UNITED NATIONS — The World Health Organization chief said Monday there are around seven or eight “top” candidates for a vaccine to combat the novel coronavirus and work on them is being accelerated.
WHO Director-General Tedros Adhanom Ghebreyesus told a U.N. Economic and Social Council video briefing the original thinking two months ago was that it may take 12 to 18 months for a vaccine. But he said an accelerated effort is under way, helped by 7.4 billion euros ($8 billion) pledged a week ago by leaders from 40 countries, organizations and banks for research, treatment and testing.
He said the $8 billion will not be enough, and additional funds will be needed to speed up the development of a vaccine, but more importantly to produce enough “to make sure that this vaccine reaches everyone — (and) there’s no one be left behind.”
“We have good candidates now,” Tedros said. “The top ones are around seven, eight. But we have more than a hundred candidates.”
“We are focusing on the few candidates we have which can bring probably better results and accelerating those candidates with better potential,” he said.
Tedros did not identify the top candidates.
Since January, he said, “WHO has been working with thousands of researchers all over the world to accelerate and track vaccine development from developing animal models to clinical trial designs and everything in between.”
Tedros said there is also a consortium of more than 400 scientists involved in vaccine development and diagnostics.
The WHO chief stressed that COVID-19 is “very contagious and it’s a killer,” with over 4 million cases now reported to WHO and almost 275,000 lives lost.
While new cases are declining in Western Europe, they are increasing in Eastern Europe, Africa, southeast Asia, the eastern Mediterranean and other regions, he said.
Tedros said “the pandemic is teaching us many painful lessons,” especially the importance of having strong national and regional health systems.
“And yet on current trends, more than 5 billion people will not access these essential services by 2030” — the ability to see a health worker, access essential medicine, and have running water in hospitals, he said.
He stressed that as the response to COVID-19 continues, nations must also lay the foundations for a healthy, safer and fairer world.
“The world spends around $7.5 trillion on health care each year, almost 10 percent of global GDP, but the best investments are in promoting health and in preventing disease at the primary health care level which will save lives and save money,” Tedros said.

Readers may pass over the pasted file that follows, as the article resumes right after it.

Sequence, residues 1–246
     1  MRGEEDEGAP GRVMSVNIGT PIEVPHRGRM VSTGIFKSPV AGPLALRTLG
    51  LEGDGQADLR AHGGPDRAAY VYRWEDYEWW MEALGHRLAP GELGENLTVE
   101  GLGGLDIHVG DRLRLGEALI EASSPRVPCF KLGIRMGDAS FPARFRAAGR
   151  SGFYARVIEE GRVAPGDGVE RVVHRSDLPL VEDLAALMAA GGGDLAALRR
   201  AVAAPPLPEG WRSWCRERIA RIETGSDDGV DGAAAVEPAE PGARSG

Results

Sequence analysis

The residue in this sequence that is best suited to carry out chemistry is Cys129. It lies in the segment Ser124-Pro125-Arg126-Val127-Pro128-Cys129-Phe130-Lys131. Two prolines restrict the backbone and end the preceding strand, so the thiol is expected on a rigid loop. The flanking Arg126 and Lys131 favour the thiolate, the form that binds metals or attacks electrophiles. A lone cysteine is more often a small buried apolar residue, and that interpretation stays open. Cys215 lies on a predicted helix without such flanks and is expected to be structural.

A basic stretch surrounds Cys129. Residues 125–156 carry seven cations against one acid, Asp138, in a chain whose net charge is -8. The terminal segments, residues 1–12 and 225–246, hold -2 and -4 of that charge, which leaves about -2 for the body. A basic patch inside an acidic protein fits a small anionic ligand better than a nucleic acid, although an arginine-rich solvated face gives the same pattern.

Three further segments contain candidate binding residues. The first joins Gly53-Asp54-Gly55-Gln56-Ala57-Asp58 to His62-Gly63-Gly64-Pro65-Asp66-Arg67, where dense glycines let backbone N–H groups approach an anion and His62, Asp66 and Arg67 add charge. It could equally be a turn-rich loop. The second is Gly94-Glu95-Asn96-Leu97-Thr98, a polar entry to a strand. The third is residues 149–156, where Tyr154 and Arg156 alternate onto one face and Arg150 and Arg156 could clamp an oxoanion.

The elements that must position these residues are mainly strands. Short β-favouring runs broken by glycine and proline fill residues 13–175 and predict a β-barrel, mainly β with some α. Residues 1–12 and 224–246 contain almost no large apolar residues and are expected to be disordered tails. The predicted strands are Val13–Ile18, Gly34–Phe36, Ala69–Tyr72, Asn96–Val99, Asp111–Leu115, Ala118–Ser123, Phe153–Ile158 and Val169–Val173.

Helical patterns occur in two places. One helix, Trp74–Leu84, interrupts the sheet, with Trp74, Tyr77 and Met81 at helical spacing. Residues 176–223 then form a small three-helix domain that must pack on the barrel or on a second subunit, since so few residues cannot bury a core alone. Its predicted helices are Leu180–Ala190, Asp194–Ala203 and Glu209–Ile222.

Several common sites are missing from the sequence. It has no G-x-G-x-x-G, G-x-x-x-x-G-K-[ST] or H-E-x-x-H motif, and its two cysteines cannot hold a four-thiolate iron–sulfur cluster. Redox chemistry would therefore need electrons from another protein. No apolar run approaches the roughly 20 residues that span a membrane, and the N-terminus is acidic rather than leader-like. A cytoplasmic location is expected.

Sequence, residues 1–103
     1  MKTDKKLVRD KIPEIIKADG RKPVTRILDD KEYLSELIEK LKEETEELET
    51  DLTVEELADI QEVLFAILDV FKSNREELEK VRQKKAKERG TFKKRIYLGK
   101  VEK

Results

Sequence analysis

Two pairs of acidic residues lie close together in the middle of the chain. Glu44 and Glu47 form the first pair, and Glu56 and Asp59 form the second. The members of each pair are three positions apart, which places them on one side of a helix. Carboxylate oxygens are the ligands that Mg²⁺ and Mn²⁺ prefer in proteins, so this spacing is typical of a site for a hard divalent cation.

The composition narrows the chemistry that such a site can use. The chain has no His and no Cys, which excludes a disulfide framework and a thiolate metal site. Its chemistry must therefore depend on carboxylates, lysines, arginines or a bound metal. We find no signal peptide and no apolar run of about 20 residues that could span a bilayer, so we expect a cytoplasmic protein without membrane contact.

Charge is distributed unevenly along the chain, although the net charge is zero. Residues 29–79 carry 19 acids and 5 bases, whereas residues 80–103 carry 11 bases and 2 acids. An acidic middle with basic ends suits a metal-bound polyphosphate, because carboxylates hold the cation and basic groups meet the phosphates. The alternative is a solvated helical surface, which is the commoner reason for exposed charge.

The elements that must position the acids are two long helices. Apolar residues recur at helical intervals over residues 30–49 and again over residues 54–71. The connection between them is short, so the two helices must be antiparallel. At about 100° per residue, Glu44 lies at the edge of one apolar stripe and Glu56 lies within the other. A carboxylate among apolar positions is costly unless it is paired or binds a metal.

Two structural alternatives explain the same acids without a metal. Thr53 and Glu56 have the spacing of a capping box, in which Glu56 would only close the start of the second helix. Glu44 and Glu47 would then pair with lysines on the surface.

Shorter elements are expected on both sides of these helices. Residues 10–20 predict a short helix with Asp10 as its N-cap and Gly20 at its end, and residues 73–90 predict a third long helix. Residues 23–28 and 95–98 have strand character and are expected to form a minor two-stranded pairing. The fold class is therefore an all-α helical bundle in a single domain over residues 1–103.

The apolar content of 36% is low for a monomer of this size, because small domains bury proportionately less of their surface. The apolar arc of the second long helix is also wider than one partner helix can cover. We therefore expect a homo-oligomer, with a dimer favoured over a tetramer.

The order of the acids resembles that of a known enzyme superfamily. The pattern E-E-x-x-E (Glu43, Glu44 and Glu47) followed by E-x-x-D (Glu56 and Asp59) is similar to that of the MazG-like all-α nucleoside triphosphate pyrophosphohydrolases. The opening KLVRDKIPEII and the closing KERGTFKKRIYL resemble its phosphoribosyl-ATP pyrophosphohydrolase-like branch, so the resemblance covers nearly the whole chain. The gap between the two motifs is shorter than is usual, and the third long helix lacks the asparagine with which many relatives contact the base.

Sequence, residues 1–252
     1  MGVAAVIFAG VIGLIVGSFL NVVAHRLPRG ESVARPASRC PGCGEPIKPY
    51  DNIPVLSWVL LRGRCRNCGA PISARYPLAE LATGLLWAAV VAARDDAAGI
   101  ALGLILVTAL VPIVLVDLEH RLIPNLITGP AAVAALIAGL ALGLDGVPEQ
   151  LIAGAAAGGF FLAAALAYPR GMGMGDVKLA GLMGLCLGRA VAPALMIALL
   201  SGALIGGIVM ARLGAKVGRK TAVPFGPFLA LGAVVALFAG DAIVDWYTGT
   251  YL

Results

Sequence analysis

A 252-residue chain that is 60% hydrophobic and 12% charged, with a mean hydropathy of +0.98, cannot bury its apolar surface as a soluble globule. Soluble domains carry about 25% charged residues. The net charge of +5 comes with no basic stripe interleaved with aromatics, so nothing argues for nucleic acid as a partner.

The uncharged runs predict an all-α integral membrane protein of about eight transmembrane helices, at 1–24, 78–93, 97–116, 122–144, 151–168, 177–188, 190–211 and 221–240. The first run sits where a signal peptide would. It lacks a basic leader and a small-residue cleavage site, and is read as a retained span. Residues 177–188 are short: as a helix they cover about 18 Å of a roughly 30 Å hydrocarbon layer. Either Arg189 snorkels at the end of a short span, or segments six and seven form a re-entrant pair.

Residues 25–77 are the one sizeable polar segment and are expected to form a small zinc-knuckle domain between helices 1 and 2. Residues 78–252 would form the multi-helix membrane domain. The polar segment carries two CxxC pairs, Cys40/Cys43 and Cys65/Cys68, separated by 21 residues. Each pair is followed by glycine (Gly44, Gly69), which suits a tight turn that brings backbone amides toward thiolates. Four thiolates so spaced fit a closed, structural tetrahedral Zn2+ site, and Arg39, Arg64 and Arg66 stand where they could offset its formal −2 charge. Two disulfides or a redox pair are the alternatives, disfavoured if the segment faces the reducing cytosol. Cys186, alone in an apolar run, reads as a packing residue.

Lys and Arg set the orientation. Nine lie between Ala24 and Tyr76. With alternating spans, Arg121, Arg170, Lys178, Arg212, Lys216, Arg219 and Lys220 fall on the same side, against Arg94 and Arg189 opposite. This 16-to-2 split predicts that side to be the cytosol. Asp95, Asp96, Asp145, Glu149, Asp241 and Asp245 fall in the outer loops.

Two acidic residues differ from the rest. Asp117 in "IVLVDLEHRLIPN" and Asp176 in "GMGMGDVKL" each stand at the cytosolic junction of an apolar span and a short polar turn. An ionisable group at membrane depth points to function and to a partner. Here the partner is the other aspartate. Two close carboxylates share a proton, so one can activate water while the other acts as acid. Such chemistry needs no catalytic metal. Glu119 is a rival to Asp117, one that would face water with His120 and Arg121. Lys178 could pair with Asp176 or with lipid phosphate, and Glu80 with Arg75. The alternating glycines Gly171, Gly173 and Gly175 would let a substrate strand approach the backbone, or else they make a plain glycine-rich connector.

U.N. Deputy Secretary-General Amina Mohammed told the briefing that all nations are “in it together” but the immediate priority must be the most vulnerable countries and communities.
She called for a new debt relief program for vulnerable countries so their economies can recover.
And she said measures to protect and stimulate the economy, from cash transfers to credits and loans must be targeted at women “who make up the majority of those in the hardest-hit informal economy, and who are at the forefront of the community response.”
The head of the International Labor Organization said the U.N. agency estimates the equivalent of 305 million full-time jobs will be lost around the world in the second quarter of this year, which ends on June 30.
ILO Director-General Guy Ryder told the briefing that by comparison, only 22 million full-time jobs were lost immediately when the financial crisis hit in 2008-2009, “so you can see we’re in an entirely different place.”
Ryder said it’s also often forgotten that 60 percent of the global workforce of 3.3 billion have jobs in the informal economy, most of them women.
He said the ILO estimates that in the first month of the pandemic, with lock-downs and economic shutdowns, “these people have lost on average 60 percent of their income, their revenues from work.” And they are concentrated in countries with scarce resources and the weakest social protection systems, he said.
Ryder called for international cooperation to help those most in need and for stepped up efforts to keep enterprises alive, retain jobs, maintain the link between enterprises and workers even when they can’t work now.
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